All-Time P/L is an essential metric for understanding the overall portfolio performance, and in this article we'll fully cover its calculation logic.

Note: the photo doesn't have anything to do with the example below; it just shows where to find the All-Time P/L for the portfolio

Firstly, let's introduce a scenario for your portfolio:

1. You bought ETH at $2,000
2. You sold ETH at $2,500
3. You bought ETH at $3,000
The current price of ETH is $2,750

4. You bought BTC at $30,000
5. You sold BTC at $40,000
6. You bought BTC at $45,000
The current price of BTC is $47,000

So you have 1 ETH worth $2750 and 1 BTC worth $47,000 in your portfolio.

Your All-Time P/L will be calculated by adding up the All-Time P'L figures for ETH and BTC.

The All-Time P/L for a coin is calculated as follows:

Current Worth of Current Holdings + Sell Transactions' Total Worth - Buy Transactions' Total Worth.

Thus, the All-Time P/L for ETH is:

$2,750 + $2,500 - ($3,000 + $2,000) = $5,250 - $5,000 = $250

The All-Time P/L for BTC is:

$47,000 + $40,000 - ($30,000 + $45,000) = $87,000 - $75,000 = $12,000

Thus, the All-Time P/L for the portfolio is $12,000 + $250 = $12,250.

Now, we need to clarify what the Percentage P/L will be.

The sum of your Buy Transaction Costs for ETH and BTC (i.e., all of your Buy transactions' total worth) will be:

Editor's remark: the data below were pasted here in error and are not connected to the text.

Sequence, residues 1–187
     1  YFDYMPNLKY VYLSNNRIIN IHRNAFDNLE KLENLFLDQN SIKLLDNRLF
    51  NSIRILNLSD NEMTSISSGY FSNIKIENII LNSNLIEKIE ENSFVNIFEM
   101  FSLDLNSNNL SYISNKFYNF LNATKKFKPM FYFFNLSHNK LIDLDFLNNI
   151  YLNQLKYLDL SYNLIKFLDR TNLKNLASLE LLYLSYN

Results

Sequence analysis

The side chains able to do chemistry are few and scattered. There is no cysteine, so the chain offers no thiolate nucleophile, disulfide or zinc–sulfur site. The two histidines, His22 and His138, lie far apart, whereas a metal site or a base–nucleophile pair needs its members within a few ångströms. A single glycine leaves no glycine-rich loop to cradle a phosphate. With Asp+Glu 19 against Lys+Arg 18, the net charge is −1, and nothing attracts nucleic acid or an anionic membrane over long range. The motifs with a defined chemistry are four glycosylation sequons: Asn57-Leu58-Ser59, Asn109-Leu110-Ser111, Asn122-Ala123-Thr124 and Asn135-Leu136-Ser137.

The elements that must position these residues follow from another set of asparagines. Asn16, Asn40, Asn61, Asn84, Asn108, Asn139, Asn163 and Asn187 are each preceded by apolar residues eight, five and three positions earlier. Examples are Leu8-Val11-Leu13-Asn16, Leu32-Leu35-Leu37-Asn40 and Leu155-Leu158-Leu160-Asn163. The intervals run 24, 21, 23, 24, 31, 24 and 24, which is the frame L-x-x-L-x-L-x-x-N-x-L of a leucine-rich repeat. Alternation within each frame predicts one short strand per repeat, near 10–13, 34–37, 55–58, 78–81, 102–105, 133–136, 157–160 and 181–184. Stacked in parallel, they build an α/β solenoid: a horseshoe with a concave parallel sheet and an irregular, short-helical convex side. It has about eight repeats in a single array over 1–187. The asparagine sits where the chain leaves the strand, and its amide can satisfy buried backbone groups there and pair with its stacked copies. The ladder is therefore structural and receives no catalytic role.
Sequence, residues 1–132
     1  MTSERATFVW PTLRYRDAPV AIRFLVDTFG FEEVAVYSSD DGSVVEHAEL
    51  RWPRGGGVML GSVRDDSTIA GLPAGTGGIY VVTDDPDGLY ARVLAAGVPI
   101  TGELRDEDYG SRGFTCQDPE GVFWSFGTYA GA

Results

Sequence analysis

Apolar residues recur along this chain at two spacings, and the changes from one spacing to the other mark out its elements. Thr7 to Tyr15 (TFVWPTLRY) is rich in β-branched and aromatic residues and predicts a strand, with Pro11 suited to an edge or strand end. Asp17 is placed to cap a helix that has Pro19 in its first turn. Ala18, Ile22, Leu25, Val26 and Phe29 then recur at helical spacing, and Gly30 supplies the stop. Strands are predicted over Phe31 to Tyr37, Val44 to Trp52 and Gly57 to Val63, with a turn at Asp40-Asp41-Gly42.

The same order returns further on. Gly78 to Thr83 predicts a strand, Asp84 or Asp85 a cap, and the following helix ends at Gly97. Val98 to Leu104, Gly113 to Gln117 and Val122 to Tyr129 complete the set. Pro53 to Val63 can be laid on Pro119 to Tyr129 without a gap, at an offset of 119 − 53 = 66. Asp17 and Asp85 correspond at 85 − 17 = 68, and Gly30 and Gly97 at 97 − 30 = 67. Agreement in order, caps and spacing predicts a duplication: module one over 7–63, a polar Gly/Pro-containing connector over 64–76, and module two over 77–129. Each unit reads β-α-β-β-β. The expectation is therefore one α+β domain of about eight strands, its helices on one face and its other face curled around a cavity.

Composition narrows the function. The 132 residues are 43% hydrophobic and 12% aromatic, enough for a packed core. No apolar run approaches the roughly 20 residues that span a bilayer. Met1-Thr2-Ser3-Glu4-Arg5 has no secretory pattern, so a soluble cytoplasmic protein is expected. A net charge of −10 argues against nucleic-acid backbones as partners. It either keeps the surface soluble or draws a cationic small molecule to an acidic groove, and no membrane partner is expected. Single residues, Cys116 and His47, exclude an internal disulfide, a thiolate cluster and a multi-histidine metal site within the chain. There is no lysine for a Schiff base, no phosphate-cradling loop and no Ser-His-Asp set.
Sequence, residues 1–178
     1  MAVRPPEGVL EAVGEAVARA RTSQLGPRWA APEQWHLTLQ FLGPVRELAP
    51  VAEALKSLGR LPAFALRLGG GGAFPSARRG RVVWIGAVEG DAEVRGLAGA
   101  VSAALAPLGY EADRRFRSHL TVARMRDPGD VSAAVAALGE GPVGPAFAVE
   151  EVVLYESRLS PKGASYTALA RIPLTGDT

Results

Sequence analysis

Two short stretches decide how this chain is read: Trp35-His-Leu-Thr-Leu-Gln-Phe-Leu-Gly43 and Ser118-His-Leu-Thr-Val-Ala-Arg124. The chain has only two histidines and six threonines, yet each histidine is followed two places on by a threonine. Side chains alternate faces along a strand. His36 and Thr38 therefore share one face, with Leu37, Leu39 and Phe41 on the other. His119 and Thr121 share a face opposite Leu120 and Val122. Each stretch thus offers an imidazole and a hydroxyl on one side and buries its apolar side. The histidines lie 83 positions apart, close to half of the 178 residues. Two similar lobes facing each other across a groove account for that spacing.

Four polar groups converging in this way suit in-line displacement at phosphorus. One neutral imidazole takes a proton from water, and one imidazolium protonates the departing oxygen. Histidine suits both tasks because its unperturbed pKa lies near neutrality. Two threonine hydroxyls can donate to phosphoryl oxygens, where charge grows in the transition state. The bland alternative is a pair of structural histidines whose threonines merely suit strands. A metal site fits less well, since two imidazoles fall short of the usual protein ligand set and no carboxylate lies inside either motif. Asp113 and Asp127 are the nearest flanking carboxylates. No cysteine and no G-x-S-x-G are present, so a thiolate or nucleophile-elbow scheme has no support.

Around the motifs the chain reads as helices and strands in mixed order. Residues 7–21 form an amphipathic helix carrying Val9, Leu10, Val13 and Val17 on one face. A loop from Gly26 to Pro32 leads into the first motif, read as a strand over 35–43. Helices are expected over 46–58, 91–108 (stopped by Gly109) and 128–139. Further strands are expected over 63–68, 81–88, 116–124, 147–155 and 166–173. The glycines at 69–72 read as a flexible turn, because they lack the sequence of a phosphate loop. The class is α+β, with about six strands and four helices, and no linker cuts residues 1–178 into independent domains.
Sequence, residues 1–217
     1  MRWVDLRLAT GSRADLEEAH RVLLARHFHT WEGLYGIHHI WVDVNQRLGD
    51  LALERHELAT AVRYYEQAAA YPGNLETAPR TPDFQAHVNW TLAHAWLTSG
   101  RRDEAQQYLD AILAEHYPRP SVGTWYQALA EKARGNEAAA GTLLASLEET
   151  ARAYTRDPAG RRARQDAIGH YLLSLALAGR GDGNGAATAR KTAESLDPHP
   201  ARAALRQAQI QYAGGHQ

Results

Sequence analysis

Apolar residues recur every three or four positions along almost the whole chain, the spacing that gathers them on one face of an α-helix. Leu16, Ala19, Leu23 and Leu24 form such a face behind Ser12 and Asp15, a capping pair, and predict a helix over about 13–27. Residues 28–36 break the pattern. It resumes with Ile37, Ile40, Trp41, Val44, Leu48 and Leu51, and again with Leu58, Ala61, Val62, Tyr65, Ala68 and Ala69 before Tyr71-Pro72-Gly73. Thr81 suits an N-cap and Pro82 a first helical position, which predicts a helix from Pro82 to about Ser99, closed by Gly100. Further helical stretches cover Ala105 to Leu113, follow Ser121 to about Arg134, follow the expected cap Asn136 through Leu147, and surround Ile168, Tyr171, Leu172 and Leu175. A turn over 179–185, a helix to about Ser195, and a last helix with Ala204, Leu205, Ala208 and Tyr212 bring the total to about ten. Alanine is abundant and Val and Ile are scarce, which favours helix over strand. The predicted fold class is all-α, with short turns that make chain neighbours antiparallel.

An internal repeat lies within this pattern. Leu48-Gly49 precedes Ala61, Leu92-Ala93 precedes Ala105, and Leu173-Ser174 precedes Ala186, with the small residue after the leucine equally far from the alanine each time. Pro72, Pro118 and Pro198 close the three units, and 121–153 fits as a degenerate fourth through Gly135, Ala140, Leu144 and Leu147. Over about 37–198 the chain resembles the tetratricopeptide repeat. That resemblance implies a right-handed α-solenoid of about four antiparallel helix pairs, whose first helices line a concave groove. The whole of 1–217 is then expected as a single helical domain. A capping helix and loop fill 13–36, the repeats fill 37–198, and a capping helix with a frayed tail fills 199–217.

$2,000 + $3,000 + $30,000 + $45,000 = $80,000

So this is the overall amount that you invested in buying coins, and the return on this amount is $12,250, so the All-Time P/L percentage will be

12,250/80,000 * 100 = 15.3 %

While at first, you might have guessed that the percentage should be related to your current portfolio value ($3,000 + $45,000 = $48,000), it is, in fact, not correlated to it at all. It depends on your purchase costs (total worth) for all your buy transactions and the All-Time P/L figures for the individual coins in your portfolio.

Feel free to contact us from the in-app chat or at [email protected] if you have any further questions. 🧡

What's Next?

Profit Loss Options in Portfolio

Why Your Profit/Loss May Be Wrong?

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